The plan sounds unconventional, but not as unconventional as some of the ideas researchers have come up with. There’s the University of New Hampshire’s helmetless practices. An hour south in Lexington Mass., a company called Quanterix is developing a simple blood test to detect traumatic brain injury—possibly instantaneously. This would allow concussion detection to be quantifiable data in the same way we can measure cholesterol for heart disease and sugar for diabetes. In Los Angeles, UCLA researchers and Architected Materials Inc. are fine-tuning a new, energy-absorbing microlattice material to line helmets, which would also have 3D printing platforms for real-time responsiveness. And in Miami researchers are working on goggles that can identify mild traumatic brain injuries in real time by measuring precise eye movements.
Wetzel’s team? They believe the key to mitigating concussions involves a magical sticky substance.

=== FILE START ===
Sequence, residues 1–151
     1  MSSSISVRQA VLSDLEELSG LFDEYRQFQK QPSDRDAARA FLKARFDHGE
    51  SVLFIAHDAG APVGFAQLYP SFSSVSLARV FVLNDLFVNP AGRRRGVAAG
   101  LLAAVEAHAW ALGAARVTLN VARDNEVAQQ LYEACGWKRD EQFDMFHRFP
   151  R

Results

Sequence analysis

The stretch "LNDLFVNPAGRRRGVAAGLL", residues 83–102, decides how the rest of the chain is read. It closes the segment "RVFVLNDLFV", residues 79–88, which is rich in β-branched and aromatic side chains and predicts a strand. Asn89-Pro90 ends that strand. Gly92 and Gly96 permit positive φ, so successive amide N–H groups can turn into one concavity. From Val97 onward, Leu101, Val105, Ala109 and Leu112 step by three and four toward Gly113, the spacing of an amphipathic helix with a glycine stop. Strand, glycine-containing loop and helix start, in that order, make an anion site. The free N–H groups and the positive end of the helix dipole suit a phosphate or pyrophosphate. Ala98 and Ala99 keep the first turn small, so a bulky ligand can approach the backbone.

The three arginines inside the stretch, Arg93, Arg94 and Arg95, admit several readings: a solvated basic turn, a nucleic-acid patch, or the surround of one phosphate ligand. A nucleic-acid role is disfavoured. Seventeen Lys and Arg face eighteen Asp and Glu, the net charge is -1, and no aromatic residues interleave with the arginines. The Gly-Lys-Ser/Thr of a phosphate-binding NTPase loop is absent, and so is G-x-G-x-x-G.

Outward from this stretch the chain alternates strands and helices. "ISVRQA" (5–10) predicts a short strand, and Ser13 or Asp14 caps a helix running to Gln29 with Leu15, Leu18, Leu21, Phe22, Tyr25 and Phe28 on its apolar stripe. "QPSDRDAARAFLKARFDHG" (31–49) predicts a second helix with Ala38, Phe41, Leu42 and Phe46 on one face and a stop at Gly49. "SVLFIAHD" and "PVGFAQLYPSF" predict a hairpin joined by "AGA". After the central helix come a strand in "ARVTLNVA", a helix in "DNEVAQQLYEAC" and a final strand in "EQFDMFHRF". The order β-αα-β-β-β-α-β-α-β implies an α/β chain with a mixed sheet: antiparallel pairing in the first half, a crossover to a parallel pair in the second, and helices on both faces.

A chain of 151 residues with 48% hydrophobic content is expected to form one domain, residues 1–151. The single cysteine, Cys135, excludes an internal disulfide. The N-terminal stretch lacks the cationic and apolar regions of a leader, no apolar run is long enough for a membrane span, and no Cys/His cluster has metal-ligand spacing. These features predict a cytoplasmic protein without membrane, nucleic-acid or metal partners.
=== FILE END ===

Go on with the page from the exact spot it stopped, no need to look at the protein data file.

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In his laboratory, Wetzel often consults a printout featuring screen grabs of NFL players falling backward, eventually lying with their backs flat against the turf. There is Aaron Rodgers, rendered motionless in a game against the Lions in 2010, and Nick Foles, in the aftermath of a hit during a fateful 2013 game against the Cowboys. Wetzel, a lifelong Eagles fan, makes special note of that Foles picture. It was the final play of the third quarter in an eventual 17-3 loss. Foles faces pressure from Dallas defensive ends George Selvie and Jarius Wynn, and as the duo teams up for a sack Foles is thrown to the ground. His back hits the surface first, then his head slams against the turf.
The play is common among head-to-ground induced concussions, the type of trauma Wetzel’s team has honed in on. In January, the NFL claimed the rate of concussions during the 2014 season was down 25 percent from the previous year. They cited rules changes—primarily protecting defenseless receivers and barring hits with the crown of the helmet—as large reasons why. According to the league, a total of 59 concussions were caused by helmet-to-helmet or shoulder-to-helmet hits in 2014, less than half the ’13 number. However, the number of head-to-ground induced concussions remains stagnant. This is where the ARL comes in.
“Many people might wonder why the Army is spending time trying to fix football’s problem,” Wetzel says. “Well, we can explain.”
Nearly 10 years ago, when working on a Defense Advance Research Project Agency (DARPA) grant to prevent joint injuries in the military, the ARL developed something called shear thickening fluid.